What can the gaming industry expect from what is considered to be the wildest and most unpredictable of U.S. presidential elections? Not much, if the presidential campaign contributions are any indication.
Filings with the Federal Election Commission showed a smattering of relatively minor contributions to the presidential candidates’ coffers. As of June 21, the gambling industry has contributed a total of $513,121 across the entire field of candidates—a pittance compared to the millions of dollars that the operators, particularly Sheldon Adelson, shelled out five years ago.
The biggest individual donor so far is Wynn Resorts Chairman and CEO Steve Wynn, who has given $65,800, mostly to Republican hopefuls who have since dropped out of the race. Of the total amount, $25,000 went to a super PAC that supported New Jersey Gov. Chris Christie; another $25,000 went to a super PAC supporting Carly Fiorina; $7,700 to the Marco Rubio’s Rubio Victory committee; $5,400 to the campaign of Texas Sen. Ted Cruz; and $2,700 to Democrat nominee Hillary Clinton’s campaign.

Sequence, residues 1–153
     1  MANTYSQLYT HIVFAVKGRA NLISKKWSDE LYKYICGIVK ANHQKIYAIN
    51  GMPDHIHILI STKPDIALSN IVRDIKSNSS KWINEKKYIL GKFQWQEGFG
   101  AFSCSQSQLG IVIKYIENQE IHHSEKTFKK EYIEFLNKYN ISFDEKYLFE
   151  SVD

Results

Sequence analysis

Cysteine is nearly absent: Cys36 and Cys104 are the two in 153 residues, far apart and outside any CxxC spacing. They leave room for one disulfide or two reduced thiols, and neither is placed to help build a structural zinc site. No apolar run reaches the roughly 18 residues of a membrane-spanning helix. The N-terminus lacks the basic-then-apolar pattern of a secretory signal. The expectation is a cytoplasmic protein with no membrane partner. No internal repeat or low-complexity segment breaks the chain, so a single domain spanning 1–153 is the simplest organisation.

Las Vegas Sands Corp. chairman Sheldon Adelson was more frugal this time around, with a total of $18,300 to the presidential campaign donations so far—a far cry from the estimated $92 million he blew on Newt Gingrich and Mitt Romney five years ago. This time, Adelson’s money went to Rubio ($10,200), Jeb Bush ($2,700), Cruz ($2,700), and Sen. Lindsey Graham ($2,700), according to Las Vegas Review-Journal.
The split between the two parties favors the Republicans at 55 percent, Clinton has been the gambling industry’s top recipient with $164,337, while Bernie Sanders ranks fourth with $62,505—just $200 behind former Florida Gov. Jeb Bush.
As for Donald Trump, the presumptive Republican nominee has received a meager $4,561 so far. However, analysts believe the businessman, who has often bragged that he is largely self-funded, may still benefit from Adelson’s largesse once he’s officially anointed the Republican nominee.
Global Market Advisors founder Andrew Klebanow told Inside Asia Gaming: “I know Adelson supports a Trump presidency. But I haven’t seen anything indicating huge financial support.”
Other gaming companies aren’t keen on backing any of the presidential candidates, too. Both MGM Resorts International and Boyd Gaming recently announced that they have no plans to endorse or donate to any of the candidates this election.
As veteran online gambling consultant Sue Schneider sees it, “All bets are off. This ‘throw the bums out’ change for change’s sake, this is all new. There are no predictions. You just have to sit back and watch and see how it plays out.”